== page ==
Tuesday, July 19, 2011

Political Ethics

Before the 2011 election, O'Farrell seemed untouchable.

Everyone knew he was going to be elected, and this meant he could run a "safe campaign". As I have said on multiple occasions since, all O'Farrell needs to do to win at least 8 years is to not piss too many people off - and he started making sure he followed this edict well before the election.

The campaign was overwhelmingly a "safe" one, with policies calculated to keep people either happy or indifferent.

Of course it was obvious to anyone paying attention that this was what he was doing, but it was the Coalition's compensation for 16 years in the wilderness - people were so sick of Labor that they were willing to vote for just about anyone else.

This all made the kerfuffle about ethics classes so surprising - it was entirely of the Coalition's making.

In some ways, it was not dissimilar to the solar feed-in tariff drama - it could have been easily avoided had the Coalition managed it better.

Ethics classes are a touchy issue.  It lies at the point where religion, politics and children intersect.

Church groups have long been permitted access to school by way of religious education.  At present, children have a choice whether they wish to attend religious education.

However, if they choose not to attend, then they are not offered any alternative instruction or (often) even supervision.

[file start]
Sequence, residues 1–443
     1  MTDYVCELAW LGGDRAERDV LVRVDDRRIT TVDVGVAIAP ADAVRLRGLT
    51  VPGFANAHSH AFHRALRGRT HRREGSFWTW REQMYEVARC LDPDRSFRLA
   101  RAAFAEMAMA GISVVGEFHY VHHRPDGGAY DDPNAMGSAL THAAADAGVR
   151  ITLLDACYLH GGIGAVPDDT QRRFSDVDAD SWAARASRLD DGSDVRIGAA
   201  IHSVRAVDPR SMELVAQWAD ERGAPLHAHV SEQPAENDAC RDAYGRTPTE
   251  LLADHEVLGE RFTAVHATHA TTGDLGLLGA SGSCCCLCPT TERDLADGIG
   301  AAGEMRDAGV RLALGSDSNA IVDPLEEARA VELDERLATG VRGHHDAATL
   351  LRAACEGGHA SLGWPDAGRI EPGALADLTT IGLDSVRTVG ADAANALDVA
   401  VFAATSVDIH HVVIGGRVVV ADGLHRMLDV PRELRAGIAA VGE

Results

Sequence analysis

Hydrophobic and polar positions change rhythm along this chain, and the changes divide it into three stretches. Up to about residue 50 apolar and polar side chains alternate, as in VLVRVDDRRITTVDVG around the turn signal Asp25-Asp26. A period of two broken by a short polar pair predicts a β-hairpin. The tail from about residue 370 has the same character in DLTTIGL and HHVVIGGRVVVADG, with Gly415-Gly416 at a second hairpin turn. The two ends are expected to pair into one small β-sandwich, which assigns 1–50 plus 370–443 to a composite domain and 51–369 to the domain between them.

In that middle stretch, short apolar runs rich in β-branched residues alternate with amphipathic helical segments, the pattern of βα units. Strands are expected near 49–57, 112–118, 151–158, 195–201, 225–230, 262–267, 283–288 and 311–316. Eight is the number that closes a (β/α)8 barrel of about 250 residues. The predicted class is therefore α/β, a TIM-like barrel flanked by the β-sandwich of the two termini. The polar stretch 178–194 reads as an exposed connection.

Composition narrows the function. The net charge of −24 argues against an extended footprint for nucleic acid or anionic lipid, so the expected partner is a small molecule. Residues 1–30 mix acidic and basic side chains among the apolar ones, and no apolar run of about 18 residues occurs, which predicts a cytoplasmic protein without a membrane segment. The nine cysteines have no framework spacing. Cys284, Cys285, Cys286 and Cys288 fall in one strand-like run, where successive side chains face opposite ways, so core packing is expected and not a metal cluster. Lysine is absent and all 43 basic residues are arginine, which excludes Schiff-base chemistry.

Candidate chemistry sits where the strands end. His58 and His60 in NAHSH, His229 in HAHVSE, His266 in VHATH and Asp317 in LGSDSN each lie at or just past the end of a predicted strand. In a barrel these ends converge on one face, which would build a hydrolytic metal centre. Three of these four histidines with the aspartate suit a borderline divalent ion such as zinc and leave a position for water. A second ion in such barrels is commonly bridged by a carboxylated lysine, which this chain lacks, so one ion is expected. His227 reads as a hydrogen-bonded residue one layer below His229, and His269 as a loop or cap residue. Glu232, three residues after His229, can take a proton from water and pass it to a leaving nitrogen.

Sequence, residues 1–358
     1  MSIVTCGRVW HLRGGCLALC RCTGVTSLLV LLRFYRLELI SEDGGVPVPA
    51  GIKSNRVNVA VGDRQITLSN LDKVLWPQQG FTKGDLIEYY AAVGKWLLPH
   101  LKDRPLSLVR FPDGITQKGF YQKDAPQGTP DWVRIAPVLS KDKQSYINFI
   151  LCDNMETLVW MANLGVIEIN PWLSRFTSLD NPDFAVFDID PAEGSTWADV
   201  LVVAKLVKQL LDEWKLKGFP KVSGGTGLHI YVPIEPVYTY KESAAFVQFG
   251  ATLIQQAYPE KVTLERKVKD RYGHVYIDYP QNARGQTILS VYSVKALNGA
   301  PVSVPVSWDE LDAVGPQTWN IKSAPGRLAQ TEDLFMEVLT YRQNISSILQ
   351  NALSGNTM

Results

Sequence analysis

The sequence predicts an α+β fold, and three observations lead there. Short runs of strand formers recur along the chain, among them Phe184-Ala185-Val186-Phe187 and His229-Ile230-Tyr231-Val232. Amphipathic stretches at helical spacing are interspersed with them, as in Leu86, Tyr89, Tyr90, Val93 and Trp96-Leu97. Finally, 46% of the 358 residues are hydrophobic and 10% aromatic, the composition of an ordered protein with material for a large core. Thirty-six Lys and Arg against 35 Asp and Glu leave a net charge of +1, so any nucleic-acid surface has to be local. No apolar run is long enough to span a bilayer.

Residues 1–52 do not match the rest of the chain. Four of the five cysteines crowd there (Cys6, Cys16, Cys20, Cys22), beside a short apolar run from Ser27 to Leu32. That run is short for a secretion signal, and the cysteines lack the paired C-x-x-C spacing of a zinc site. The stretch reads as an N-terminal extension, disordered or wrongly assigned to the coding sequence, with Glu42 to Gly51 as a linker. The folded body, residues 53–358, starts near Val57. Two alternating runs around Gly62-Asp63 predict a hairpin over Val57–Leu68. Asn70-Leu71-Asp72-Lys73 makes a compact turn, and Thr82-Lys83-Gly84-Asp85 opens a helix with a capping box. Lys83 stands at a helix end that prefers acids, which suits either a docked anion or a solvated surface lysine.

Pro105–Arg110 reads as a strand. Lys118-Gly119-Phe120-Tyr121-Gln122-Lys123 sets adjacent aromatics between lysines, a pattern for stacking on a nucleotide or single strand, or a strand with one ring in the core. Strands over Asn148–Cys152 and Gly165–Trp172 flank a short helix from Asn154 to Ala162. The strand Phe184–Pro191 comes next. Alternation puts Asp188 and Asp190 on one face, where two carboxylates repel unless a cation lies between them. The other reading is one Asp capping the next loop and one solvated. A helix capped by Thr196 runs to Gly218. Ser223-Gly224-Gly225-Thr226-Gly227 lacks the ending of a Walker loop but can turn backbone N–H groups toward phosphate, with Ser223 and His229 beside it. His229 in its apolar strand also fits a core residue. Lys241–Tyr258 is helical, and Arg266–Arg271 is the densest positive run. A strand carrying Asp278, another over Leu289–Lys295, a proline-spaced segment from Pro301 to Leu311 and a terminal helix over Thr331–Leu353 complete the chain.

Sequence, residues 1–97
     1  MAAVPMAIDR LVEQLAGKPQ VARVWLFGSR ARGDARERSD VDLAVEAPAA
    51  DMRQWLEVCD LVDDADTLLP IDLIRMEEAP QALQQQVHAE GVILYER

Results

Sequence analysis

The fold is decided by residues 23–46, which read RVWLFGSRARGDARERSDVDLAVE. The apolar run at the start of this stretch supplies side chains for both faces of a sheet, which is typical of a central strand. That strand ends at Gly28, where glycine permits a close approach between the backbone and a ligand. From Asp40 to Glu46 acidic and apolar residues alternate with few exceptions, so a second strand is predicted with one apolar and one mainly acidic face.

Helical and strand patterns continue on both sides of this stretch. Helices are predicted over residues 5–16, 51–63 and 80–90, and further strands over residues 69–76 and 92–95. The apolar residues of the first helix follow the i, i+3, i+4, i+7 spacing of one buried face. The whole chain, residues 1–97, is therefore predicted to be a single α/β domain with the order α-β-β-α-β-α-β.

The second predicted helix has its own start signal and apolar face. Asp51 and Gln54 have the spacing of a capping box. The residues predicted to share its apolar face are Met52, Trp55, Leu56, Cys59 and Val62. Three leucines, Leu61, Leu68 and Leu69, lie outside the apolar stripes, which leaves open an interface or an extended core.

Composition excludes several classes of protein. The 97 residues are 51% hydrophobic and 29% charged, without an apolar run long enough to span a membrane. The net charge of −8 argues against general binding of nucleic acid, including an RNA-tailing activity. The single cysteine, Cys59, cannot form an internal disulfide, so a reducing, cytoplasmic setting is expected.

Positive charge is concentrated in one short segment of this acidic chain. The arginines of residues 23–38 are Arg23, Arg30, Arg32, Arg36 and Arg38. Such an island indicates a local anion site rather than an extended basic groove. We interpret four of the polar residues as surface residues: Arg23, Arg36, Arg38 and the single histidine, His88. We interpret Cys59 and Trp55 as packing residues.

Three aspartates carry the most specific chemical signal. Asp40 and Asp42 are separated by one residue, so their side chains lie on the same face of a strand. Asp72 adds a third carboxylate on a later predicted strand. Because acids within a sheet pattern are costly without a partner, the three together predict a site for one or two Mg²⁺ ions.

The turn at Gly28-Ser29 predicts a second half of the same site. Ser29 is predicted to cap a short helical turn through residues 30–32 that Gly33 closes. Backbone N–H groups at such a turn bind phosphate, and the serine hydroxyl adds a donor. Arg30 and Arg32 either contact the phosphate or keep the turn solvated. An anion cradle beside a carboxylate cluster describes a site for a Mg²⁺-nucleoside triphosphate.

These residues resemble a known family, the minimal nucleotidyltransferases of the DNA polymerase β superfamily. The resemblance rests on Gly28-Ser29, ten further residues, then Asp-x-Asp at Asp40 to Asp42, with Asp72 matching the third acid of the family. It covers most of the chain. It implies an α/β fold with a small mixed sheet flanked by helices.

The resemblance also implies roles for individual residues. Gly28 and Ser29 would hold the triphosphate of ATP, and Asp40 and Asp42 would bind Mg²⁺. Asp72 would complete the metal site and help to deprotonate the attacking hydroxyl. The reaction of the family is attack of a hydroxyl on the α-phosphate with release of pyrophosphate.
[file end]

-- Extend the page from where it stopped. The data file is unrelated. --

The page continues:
The St James Ethics Centre has for years been agitating for these children to be given instruction in Ethics.  The classes have been offered on a trial basis for some time now.

Predictably, churches have vigorously opposed the mooted changes, presumably thinking that these classes will reduce interest in the religious education.

For me, this position has never really made sense. I'm young enough that I remember school, and I know that given the chance to be in a class or goof around in a library, we would have chosen the library every day of the week.

I would have thought if the kids not attending religious education were rather forced to attend ethics classes, then there might be a newfound interest in the religious education.  

But maybe that's just me.

In September 2010, as opposition leader, O'Farrell said "I don't favour ethics classes being an alternative to special religious education classes."  In November, the Coalition announced that their policy was that the classes would not be retained.

In February, after a sustained campaign in support of the classes, the Coalition announced that the classes would stay after all. The excuse given for the backdown was that the Coalition did not believe that it would have the numbers in the upper house to make the changes.

Unsurprisingly Fred Nile was "disappointed" by the backdown, but said that he agreed that the "left" was likely to hold the balance of power in the upper house.

Of course, as it happens, the CDP and the Shooters and Fishers hold the balance of power, and since the election the trial of the ethics classes has continued unabated.